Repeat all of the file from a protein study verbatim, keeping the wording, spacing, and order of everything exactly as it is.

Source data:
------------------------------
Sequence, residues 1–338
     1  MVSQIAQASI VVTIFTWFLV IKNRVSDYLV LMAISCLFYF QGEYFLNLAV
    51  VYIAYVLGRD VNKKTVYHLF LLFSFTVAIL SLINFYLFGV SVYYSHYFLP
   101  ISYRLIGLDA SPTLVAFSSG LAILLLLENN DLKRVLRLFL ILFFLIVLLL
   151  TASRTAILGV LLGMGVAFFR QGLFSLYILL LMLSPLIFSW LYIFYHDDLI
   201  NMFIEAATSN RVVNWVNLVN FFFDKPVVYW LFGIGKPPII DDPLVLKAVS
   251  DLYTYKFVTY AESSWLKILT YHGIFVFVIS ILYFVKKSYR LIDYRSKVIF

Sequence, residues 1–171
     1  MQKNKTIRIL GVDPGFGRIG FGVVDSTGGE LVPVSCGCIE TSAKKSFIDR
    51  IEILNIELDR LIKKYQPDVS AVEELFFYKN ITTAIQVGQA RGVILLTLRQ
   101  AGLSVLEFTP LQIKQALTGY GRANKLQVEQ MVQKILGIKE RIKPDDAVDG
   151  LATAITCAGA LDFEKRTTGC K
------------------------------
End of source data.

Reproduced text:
Sequence, residues 1–338
     1  MVSQIAQASI VVTIFTWFLV IKNRVSDYLV LMAISCLFYF QGEYFLNLAV
    51  VYIAYVLGRD VNKKTVYHLF LLFSFTVAIL SLINFYLFGV SVYYSHYFLP
   101  ISYRLIGLDA SPTLVAFSSG LAILLLLENN DLKRVLRLFL ILFFLIVLLL
   151  TASRTAILGV LLGMGVAFFR QGLFSLYILL LMLSPLIFSW LYIFYHDDLI
   201  NMFIEAATSN RVVNWVNLVN FFFDKPVVYW LFGIGKPPII DDPLVLKAVS
   251  DLYTYKFVTY AESSWLKILT YHGIFVFVIS ILYFVKKSYR LIDYRSKVIF

Sequence, residues 1–171
     1  MQKNKTIRIL GVDPGFGRIG FGVVDSTGGE LVPVSCGCIE TSAKKSFIDR
    51  IEILNIELDR LIKKYQPDVS AVEELFFYKN ITTAIQVGQA RGVILLTLRQ
   101  AGLSVLEFTP LQIKQALTGY GRANKLQVEQ MVQKILGIKE RIKPDDAVDG
   151  LATAITCAGA LDFEKRTTGC K